Measurement and Instrumentation Challenges and Opportunities in Renewable Energy Systems


Measurement and Instrumentation Challenges and Opportunities in Renewable Energy Systems

Steven G. Chalk

U.S. Department of Energy

        The U.S. Energy Information Administration projects that global renewable electric generating capacity will rise 2.7% per year through 2035, more than any other electricity generating source. In the United States, renewable energy sources accounted for more than 12% of domestically produced electricity during the first nine months of 2011. To achieve the U.S. goal of producing 80% of our electricity from clean energy sources by 2035, the Department of Energy is investing in research and development aimed at improving the performance and reducing the cost of renewable energy technologies. This work includes addressing challenges associated with measurement and instrumentation. For example, the successful development of enhanced geothermal systems requires materials and measurement devices that can survive the high temperatures and vibrations associated with drilling for extended periods of time to guide and place wells within production zones. Wind turbine systems require sensors that can survive harsh environments for a 20-year design life and enable data quality in an electronically noisy environment. One of the key instrumental or analytical challenges associated with cellulosic biofuels production is the ability to detect trace amounts of detrimental compounds on-stream in a challenging (e.g. pH, temperature or pressure) environment. Finally, there are a number of important metrology and measurement challenges in manufacturing of PV and fuel cell systems, including the need for low cost high throughput/in-line diagnostics for quality control (e.g. detecting defects).  These and other challenges will be discussed as well as some of the approaches being explored to overcome them.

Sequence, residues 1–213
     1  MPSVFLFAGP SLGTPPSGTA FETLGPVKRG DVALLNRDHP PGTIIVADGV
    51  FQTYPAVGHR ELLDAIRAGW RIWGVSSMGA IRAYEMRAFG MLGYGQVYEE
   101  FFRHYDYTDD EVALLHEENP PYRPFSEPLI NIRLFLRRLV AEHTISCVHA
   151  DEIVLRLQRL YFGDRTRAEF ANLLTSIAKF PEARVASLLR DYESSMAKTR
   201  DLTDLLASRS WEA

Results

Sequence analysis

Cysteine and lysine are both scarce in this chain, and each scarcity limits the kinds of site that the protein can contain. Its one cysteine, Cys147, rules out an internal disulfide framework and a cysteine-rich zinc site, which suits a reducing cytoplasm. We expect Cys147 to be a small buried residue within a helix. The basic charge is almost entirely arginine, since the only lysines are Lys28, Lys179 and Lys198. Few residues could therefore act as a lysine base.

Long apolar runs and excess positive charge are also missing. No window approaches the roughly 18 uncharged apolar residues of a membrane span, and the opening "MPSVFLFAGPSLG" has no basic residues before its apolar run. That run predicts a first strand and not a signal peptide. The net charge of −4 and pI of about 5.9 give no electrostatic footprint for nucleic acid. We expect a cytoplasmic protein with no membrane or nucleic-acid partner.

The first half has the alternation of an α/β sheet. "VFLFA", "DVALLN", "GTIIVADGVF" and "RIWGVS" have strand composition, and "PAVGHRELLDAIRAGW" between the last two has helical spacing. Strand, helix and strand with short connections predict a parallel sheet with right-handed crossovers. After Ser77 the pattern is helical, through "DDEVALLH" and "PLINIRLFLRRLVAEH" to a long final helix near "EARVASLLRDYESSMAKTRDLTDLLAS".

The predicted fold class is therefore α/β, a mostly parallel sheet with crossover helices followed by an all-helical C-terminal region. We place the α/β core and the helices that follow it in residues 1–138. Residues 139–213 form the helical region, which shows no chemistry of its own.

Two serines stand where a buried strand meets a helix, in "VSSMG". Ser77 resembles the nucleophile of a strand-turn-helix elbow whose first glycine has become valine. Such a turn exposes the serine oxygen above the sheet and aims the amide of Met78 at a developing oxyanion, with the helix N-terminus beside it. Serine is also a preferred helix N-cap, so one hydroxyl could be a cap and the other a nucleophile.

The CV of Mr. Chalk can be found here.